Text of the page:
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In the wake of the recent global financial crisis regulators and supervisors became aware that the ‘risk appetite’ of hedge funds and private equity funds was to a significant extent shielded from public scrutiny, as it was only through banks’ financing of these funds that public authorities could obtain a view on the role of these funds in the wider financial system. In order to disperse this lack of reliable and comprehensive data, measures were adopted both in the European Union – the Alternative Investment Management Funds Directive – and to a lesser extent in the United States to impose a risk-sensitive framework. Individual EU Member States and other countries followed suit.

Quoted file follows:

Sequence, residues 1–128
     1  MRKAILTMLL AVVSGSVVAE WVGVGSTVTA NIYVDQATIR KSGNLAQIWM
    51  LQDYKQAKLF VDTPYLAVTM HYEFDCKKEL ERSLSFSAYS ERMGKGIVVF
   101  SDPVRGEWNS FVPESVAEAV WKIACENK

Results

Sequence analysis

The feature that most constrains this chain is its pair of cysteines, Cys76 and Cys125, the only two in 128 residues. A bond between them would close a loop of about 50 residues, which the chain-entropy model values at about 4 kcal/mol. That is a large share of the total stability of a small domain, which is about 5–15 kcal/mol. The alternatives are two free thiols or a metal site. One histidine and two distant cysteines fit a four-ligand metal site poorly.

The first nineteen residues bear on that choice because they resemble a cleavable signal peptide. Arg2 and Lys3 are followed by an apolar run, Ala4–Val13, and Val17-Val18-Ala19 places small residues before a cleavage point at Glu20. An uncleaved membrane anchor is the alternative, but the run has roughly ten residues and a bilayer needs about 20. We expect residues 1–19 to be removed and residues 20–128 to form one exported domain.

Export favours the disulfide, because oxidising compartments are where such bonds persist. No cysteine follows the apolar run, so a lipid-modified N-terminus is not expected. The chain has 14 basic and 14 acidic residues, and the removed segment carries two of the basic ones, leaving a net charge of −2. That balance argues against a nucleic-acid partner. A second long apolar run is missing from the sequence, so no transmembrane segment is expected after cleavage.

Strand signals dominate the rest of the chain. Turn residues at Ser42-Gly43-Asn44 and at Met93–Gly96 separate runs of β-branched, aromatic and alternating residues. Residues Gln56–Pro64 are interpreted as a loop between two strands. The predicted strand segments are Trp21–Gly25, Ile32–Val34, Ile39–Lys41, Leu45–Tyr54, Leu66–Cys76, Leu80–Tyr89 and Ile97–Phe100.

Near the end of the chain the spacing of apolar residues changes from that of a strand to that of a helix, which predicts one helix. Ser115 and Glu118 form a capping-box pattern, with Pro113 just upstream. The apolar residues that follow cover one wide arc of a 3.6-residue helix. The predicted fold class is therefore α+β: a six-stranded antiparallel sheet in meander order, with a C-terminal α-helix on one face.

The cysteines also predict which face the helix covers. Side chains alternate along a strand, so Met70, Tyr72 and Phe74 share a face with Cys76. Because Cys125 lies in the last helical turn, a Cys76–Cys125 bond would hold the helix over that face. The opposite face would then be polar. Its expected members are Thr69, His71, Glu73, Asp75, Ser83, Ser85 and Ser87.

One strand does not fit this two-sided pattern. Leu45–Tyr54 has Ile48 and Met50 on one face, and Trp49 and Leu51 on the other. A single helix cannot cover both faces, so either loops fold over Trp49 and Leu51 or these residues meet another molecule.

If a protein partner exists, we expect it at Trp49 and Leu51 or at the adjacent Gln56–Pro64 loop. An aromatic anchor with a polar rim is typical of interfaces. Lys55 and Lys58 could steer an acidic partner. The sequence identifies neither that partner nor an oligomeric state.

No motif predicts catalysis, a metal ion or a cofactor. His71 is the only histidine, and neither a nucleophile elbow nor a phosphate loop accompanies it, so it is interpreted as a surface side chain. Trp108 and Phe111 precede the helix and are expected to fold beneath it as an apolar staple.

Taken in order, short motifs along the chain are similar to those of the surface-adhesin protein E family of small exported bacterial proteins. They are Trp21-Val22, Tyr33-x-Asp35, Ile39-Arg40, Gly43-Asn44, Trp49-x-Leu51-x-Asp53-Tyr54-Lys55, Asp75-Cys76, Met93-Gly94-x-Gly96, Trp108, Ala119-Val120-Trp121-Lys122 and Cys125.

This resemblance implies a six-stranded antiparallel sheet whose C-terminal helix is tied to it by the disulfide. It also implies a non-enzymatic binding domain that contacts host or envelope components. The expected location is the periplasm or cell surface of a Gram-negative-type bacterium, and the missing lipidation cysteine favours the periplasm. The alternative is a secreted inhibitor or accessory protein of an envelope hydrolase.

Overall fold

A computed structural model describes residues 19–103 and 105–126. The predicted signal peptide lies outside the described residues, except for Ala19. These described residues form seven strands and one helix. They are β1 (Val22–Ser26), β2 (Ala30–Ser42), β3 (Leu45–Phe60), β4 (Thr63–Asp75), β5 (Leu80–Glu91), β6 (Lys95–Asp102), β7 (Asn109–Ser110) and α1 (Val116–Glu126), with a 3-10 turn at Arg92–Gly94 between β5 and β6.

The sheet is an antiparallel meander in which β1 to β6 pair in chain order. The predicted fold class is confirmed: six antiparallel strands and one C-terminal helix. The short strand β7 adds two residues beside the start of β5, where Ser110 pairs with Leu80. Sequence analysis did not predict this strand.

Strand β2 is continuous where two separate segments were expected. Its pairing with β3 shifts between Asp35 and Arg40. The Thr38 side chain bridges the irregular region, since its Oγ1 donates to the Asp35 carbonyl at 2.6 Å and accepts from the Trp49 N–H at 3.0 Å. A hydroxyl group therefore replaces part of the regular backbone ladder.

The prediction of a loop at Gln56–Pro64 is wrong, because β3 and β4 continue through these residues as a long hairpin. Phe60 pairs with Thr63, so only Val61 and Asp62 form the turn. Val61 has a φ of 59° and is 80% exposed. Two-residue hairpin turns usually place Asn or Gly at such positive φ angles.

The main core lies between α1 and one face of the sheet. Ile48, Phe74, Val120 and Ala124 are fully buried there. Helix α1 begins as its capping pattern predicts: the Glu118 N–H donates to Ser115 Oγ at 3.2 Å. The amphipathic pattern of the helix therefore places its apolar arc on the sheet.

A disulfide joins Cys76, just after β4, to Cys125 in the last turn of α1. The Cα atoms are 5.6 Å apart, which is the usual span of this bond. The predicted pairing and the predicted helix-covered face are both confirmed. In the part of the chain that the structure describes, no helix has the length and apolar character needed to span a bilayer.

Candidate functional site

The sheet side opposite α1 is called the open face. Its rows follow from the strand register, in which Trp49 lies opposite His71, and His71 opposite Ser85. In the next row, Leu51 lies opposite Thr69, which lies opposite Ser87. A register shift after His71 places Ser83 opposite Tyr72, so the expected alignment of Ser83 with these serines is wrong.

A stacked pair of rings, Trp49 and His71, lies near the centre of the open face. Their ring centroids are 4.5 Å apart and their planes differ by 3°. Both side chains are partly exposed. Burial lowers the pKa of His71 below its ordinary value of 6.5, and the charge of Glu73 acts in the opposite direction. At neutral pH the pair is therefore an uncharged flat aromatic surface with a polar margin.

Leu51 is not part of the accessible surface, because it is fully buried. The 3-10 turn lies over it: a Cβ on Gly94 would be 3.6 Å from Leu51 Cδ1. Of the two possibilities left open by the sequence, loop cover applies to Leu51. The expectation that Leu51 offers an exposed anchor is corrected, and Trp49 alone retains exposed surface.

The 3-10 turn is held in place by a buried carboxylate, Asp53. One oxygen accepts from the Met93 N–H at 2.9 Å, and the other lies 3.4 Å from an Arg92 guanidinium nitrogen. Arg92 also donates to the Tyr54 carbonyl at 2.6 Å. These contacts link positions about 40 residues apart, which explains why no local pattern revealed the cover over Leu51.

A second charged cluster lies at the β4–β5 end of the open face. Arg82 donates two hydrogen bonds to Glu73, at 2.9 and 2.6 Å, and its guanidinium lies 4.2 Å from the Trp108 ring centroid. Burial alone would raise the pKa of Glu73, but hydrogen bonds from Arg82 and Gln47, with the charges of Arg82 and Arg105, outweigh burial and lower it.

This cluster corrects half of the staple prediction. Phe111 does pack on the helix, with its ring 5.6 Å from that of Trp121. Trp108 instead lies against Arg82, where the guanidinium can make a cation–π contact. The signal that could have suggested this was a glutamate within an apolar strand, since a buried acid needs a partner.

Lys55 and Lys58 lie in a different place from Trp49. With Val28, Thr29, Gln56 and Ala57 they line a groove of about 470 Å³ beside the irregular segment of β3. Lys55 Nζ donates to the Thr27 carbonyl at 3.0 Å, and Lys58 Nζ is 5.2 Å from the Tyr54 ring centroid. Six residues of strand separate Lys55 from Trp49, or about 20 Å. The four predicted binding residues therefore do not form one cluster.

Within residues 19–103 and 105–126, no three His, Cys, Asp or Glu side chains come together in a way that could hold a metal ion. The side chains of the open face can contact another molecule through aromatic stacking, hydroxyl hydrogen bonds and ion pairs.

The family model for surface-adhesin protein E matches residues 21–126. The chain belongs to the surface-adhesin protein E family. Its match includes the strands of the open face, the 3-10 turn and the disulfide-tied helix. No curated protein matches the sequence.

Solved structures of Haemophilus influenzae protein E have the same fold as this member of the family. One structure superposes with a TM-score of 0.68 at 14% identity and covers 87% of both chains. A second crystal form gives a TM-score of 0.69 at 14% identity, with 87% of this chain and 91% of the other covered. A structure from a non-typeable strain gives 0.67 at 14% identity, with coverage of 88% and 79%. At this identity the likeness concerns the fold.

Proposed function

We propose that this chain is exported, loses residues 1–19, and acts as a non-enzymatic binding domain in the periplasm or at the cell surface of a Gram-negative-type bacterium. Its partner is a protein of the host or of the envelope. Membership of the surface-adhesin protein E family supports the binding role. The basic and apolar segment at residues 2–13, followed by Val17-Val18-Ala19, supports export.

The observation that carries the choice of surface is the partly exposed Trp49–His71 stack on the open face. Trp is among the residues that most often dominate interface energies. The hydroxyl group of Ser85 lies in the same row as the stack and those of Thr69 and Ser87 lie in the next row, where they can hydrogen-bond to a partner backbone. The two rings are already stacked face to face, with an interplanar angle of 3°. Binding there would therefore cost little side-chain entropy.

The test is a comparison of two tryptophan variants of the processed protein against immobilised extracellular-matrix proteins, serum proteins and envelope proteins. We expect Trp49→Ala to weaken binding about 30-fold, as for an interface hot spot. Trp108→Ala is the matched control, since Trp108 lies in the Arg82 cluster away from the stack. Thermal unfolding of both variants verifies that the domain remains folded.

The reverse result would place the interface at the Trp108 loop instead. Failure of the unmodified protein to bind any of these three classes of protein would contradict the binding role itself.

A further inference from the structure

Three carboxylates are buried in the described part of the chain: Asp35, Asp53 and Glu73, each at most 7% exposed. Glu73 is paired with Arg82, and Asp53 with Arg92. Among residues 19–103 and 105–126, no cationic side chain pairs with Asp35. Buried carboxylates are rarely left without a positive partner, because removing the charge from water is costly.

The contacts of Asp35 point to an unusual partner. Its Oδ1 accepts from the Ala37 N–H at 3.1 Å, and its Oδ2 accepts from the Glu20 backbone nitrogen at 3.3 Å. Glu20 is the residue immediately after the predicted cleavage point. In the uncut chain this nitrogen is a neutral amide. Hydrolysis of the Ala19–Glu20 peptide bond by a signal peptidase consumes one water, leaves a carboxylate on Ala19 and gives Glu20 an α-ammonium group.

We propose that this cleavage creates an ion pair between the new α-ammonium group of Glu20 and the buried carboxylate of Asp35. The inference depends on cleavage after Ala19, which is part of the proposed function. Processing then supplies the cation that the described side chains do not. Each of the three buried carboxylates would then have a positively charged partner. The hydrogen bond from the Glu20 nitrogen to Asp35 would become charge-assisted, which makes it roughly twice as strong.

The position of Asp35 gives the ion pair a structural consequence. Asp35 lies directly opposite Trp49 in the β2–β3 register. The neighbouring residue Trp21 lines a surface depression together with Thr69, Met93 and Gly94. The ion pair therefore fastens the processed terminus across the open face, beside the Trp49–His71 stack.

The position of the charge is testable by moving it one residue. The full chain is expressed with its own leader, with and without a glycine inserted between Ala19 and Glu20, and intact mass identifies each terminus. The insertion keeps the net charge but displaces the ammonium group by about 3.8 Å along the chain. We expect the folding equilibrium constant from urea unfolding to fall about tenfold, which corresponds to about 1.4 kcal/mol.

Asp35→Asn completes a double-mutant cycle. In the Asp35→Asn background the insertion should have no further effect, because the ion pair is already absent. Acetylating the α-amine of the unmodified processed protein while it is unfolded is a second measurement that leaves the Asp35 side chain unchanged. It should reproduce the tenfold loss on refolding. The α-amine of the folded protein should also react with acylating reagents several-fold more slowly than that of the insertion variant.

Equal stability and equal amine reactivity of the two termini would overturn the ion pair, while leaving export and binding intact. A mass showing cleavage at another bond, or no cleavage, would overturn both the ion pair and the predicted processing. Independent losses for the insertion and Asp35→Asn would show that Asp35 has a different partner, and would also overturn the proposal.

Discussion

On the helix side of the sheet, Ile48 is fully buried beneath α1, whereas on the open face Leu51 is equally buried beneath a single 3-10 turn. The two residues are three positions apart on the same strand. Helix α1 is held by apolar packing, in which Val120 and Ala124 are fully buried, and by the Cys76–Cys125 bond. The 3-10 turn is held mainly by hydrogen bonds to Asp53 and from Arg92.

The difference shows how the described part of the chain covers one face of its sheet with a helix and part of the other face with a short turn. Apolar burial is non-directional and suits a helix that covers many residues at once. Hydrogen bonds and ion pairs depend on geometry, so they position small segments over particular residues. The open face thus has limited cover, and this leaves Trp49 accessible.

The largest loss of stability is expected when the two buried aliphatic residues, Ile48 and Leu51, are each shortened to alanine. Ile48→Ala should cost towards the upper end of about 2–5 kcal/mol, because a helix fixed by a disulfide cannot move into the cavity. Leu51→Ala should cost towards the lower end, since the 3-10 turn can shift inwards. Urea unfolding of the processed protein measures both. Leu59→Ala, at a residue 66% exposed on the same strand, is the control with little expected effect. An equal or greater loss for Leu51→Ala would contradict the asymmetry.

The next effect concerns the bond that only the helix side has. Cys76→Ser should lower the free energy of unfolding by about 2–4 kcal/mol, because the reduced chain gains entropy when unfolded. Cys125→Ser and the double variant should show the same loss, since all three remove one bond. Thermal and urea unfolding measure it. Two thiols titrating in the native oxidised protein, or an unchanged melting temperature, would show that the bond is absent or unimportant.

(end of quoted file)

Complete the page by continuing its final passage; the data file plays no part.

This book reprints reports delivered by representatives of fifteen countries at the Eighteenth International Congress of the International Academy of Comparative Law, held in Washington on the 29th of July 2010. The reports present a wealth of information on the different approaches and the specific rules that a variety of national legislators have adopted on the regulation of hedge funds and private equity funds. They greatly clarify the current understanding of such factors as the following: